Thursday, October 4, 2012

Reviving An Old Track: The Great Lackawanna Cutoff

1898 ad
Delaware Water Gap viaduct
NY Penn Station to Scranton, PA

NEW JERSEY TRANSIT'S decision to restore the old Lackawanna Cutoff railroad line pumped new blood into my arteries, not only because of my love affair with trains, but also because the project will inevitably impact my town of Hopatcong. Once opened, the 88-mile line will be a branch of the currently running Montclair-Boonton and Morristown lines (between New York Penn Station and Hackettstown, New Jersey), and will begin at Port Morris Junction near the Lake Hopatcong station, to Scranton, Pennsylvania, through the Pocono Mountains. NY Senator Chuck Schumer has proposed to entend the line further north to Binghamton, New York.

Some background from Wikipedia: "The old Lackawanna Cutoff railroad line was built by the Delaware, Lackawanna and Western Railroad in 1908, and was operated until 1979 until it was abandoned in 1983. It was known by other names like the "New Jersey Cutoff," the "Hopatcong-Slateford Cutoff," the "Lackawanna Highline," or simply the "Cutoff". Noted for its immense cuts, fills, embankments and viaducts that permitted high-speed operations, it was part of a 400-mile mainline that ran from Hoboken, New Jersey to Buffalo, New York, and was once an exemplar of early 20th century rail infrastructure and right-of-way construction. With minimized grades and curves, it was built without vehicular crossings, and included a series of unique structural features, viaducts and massive fill embankments through the deep valleys of this region. One of the first railroad projects to use reinforced concrete on a large scale, its construction required the movement of millions of tons of fill material using techniques similar to those on the Panama Canal."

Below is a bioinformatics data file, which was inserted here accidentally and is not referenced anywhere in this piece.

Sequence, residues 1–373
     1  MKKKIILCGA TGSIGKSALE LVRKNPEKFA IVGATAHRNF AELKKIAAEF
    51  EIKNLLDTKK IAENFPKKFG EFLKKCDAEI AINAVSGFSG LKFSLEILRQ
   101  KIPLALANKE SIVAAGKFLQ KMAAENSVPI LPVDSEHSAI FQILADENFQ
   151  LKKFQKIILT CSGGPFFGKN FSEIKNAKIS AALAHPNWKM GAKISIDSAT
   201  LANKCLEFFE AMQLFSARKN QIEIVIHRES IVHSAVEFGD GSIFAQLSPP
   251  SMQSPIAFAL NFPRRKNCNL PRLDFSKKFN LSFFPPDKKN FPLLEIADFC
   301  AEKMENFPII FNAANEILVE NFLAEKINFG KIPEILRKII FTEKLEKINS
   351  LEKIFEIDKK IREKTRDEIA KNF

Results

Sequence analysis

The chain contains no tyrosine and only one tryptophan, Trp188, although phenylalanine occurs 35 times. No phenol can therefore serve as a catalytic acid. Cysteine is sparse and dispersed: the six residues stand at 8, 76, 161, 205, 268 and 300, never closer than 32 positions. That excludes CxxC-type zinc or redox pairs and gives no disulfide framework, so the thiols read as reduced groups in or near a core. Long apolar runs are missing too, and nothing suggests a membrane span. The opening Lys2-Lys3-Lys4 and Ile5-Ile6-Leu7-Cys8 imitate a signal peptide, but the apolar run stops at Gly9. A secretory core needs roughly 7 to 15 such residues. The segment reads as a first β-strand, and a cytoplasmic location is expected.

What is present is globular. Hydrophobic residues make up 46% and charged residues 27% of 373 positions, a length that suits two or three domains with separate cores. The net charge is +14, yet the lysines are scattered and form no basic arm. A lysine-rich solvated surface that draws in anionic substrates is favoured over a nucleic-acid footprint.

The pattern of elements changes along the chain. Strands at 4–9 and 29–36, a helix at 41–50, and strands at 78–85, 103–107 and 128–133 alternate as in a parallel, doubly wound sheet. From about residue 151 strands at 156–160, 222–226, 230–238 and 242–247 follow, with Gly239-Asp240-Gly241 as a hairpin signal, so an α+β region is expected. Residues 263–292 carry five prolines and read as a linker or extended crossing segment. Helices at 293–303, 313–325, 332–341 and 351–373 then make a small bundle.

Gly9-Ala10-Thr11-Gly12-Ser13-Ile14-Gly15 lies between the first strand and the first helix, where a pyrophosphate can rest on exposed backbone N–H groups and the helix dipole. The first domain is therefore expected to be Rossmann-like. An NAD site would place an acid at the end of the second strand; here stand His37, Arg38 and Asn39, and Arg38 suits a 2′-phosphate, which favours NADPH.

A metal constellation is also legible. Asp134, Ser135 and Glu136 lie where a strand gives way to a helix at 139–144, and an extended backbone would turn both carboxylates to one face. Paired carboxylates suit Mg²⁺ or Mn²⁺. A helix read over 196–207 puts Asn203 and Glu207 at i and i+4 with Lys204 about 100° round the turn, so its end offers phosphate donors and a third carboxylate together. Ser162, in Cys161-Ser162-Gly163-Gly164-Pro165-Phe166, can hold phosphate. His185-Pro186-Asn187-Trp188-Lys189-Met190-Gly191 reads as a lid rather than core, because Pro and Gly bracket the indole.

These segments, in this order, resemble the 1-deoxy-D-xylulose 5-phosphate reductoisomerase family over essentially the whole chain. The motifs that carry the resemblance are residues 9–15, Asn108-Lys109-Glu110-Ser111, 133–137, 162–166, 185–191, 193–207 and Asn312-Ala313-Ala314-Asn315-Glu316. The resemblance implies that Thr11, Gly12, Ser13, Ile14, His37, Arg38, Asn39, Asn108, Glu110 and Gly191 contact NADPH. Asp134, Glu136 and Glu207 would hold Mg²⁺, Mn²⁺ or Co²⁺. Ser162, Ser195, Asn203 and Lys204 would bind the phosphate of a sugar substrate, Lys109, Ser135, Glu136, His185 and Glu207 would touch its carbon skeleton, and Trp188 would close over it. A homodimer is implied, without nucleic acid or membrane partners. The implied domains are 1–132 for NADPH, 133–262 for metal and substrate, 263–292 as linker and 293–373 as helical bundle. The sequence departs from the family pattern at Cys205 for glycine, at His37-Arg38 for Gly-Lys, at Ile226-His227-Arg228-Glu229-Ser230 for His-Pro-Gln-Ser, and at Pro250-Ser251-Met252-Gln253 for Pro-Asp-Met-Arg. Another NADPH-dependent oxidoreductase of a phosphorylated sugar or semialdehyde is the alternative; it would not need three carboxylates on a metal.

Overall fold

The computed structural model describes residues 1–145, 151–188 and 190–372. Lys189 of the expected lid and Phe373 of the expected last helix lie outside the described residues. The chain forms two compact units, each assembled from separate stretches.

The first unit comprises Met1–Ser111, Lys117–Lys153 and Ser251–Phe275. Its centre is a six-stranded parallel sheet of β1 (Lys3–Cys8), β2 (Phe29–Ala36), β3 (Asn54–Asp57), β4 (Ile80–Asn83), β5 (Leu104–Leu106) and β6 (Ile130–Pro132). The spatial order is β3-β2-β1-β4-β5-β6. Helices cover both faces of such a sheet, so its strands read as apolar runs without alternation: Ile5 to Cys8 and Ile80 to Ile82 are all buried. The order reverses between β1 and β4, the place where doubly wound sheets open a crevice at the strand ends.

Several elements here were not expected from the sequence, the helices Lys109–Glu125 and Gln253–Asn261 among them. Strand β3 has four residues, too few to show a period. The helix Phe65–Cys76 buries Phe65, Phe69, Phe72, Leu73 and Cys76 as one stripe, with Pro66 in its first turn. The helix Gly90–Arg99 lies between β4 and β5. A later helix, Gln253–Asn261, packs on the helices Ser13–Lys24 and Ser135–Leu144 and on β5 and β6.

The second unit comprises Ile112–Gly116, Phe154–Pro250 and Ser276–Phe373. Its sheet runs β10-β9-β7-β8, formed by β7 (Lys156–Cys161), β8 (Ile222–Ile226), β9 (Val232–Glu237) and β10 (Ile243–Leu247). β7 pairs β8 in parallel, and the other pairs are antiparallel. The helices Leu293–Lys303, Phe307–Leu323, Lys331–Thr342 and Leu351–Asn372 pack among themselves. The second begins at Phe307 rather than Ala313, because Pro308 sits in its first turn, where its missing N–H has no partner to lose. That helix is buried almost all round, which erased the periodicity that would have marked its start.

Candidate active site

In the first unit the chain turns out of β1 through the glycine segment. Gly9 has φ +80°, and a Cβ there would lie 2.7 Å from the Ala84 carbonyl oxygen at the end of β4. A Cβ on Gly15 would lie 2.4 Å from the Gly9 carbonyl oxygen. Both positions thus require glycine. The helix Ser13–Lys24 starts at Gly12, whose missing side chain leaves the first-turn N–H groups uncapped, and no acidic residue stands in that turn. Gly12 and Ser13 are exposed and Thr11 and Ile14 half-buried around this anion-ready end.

The Lackawanna Cutoff restoration project, if completed as planned by the New Jersey Transit and the Pennsylvania Northeast Region Railroad Authority in 2014, will use diesel locomotive-driven commuter rail trains, cost some $550 million to build, and take commuters through some of America’s most beautiful scenic landscapes. Travel time between New York Penn Station and Scranton, Pennsylvania will be about three hours.

Here are pictures of the rail line, especially of the work being done on the Brooklyn-Stanhope Road (County Road 602) grade crossing site, near Kynor Avenue where my house is. (It is somewhere behind the trees above the United Methodist Church sign and the car on the road on the upper left corner.)  For a bit of Lake Hopatcong train station's history, click on this link.
Work near my house on Kynor Avenue
Lake Hopatcong station

View near Greendell, New Jersey